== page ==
Many employers believe they have a skills gap. In 2016, the World Economic Forum predicted that 7.1 million jobs would disappear by 2020 because of disruptive technologies. To remain relevant, organizations must prioritize skills assessment and talent alignment. Furthermore, a renewed sense of urgency due to COVID-19-related digital transformation and changing operating models have tested our current ways of working. To deliver on company strategy, organizations require quick adoption of future-state skill sets.
Before rolling out new ways of working or new strategic priorities, organizations need to consider the employee journey, the upskilling potential they have and how to account for skill gaps. Human resources (HR) and learning and development (L&D) professionals have a critical role in working with business leaders to define the skills required for transformation and to provide a gap analysis. In deploying skills assessments, L&D can more effectively target training to areas of the organization that require certain skills.
The Need for Upskilling
The rate of change we are now experiencing makes it clear that as skills evolve, employees need to adjust at a faster pace. Do you know who in your organization has the required skills of the future? Does your succession plan and leadership pipeline have an inventory of skills and areas that need strengthening?
Companies need to be agile in their approach to assessing their talent and aligning it to expected skills. Traditionally, the approach to strengthening skills has been training programs. How targeted are your learning plans? It is more difficult to align talent to the right roles when you don’t have a process of analyzing the gaps.
Often, the easy way out is to recruit externally for future-state skills. While this approach may be the right one in some cases, leveraging your current talent to accomplish your new strategy is not only a cost savings; it also increases employee engagement and fosters a culture of learning. Also, consider that many employees are upskilling on their own through online platforms. They are expanding their skill sets, but for many of them, their organization does not have a way to capture these newly acquired skills. As a result, some of these employees may leave to find a better fit elsewhere.
In “The Upskilling Crisis: Effectively Enabling and Retraining Employees for the Future,” a 2019 survey by West Monroe Partners, 56% of respondents said that “their organization’s skills gap is moderate to severe,” while “only 6% [said] they don’t have a skills gap at all.” Conducting an effective skills assessment and gap analysis is the first step to gaining invaluable insights into your workforce.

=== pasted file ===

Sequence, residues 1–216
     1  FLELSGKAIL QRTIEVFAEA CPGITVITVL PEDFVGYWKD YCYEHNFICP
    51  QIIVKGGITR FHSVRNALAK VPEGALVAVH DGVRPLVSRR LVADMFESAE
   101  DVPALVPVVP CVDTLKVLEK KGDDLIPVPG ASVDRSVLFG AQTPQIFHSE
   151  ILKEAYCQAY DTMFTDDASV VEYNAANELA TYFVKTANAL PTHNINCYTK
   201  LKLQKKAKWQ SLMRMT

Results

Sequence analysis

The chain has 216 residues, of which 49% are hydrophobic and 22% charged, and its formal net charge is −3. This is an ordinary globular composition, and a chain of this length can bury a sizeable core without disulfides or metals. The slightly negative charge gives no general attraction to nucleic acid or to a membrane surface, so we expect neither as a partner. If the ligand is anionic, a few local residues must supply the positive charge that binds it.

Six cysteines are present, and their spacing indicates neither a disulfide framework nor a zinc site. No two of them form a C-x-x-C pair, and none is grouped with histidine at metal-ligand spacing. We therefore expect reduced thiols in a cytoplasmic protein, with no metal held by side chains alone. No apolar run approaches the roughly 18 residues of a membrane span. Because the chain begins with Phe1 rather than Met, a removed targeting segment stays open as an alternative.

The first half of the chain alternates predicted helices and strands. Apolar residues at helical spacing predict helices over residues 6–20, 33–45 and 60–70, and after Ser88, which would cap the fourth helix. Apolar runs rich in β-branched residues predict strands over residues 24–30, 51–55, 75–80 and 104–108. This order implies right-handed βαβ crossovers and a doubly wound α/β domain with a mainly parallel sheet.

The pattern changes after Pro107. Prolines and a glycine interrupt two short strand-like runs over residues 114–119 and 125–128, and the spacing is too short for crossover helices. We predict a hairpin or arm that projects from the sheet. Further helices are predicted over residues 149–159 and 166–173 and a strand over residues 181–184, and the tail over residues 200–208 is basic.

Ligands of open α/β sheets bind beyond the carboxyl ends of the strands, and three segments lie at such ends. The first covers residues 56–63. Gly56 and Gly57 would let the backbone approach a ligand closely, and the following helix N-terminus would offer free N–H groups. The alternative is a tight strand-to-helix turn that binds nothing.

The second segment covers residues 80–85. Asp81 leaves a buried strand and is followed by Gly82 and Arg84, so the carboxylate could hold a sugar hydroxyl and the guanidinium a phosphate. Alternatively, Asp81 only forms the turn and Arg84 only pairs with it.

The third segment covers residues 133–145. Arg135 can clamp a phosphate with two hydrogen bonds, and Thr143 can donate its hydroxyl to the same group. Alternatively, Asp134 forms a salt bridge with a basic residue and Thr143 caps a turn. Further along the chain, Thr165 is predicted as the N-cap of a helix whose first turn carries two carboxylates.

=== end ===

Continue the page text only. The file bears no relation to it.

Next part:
How to Identify, Develop and Track the Skills of the Future
|Action Steps||Human Resources and Training Considerations||Stakeholder Engagement|
|Conduct a current-state inventory of skills.||Consider skills-based recruitment.
Develop relevant skills assessments.
|Employees can track hidden skills and new learning conducted on their own.|
|Understand future skills demand.||Set up learning committees, and tie business priorities to required future skills.
Share data and participate within your industry through strategic groups and business councils.
|Engage with business leaders to understand the future skills requirements required to accomplish the business strategy.|
|Create incentive and development plans around future skills.||Invest in human capital development, both through in-house training and specialized third-party experts.
Give employees a stake in their learning by matching contributions toward training and professional development courses.
|Involve business leaders and learners in the investment in learning and development through recognition and reward programs.|
|Sustain motivation and participation.||
Build learning into performance assessment.
|Align anticipated skills to recruiting and selection teams.
Train mentors and coaches to incorporate upskilling in their guidance.
Use skills analytics and gap analyses to identify internal talent mobility opportunities.
Your skills assessment may uncover that some employees lack future-state skills; however, they are still the best resource to tackle disruption and prevent a skills crisis, particularly in a time of high-velocity change. Employees are aware of their own abilities, and they expect their employers to provide development opportunities.
Skills assessment may be an undertaking, but consider its long-term value. According to the Institute for Research on Labor and Employment at the University of California, Berkeley, it costs an average of $4,000 to hire a new employee, a figure that rises to $7,000 for professional and management-level employees. If deployed routinely with a gap analysis aligned to strategic objectives, a skills assessment is a worthwhile effort for both employees and the business.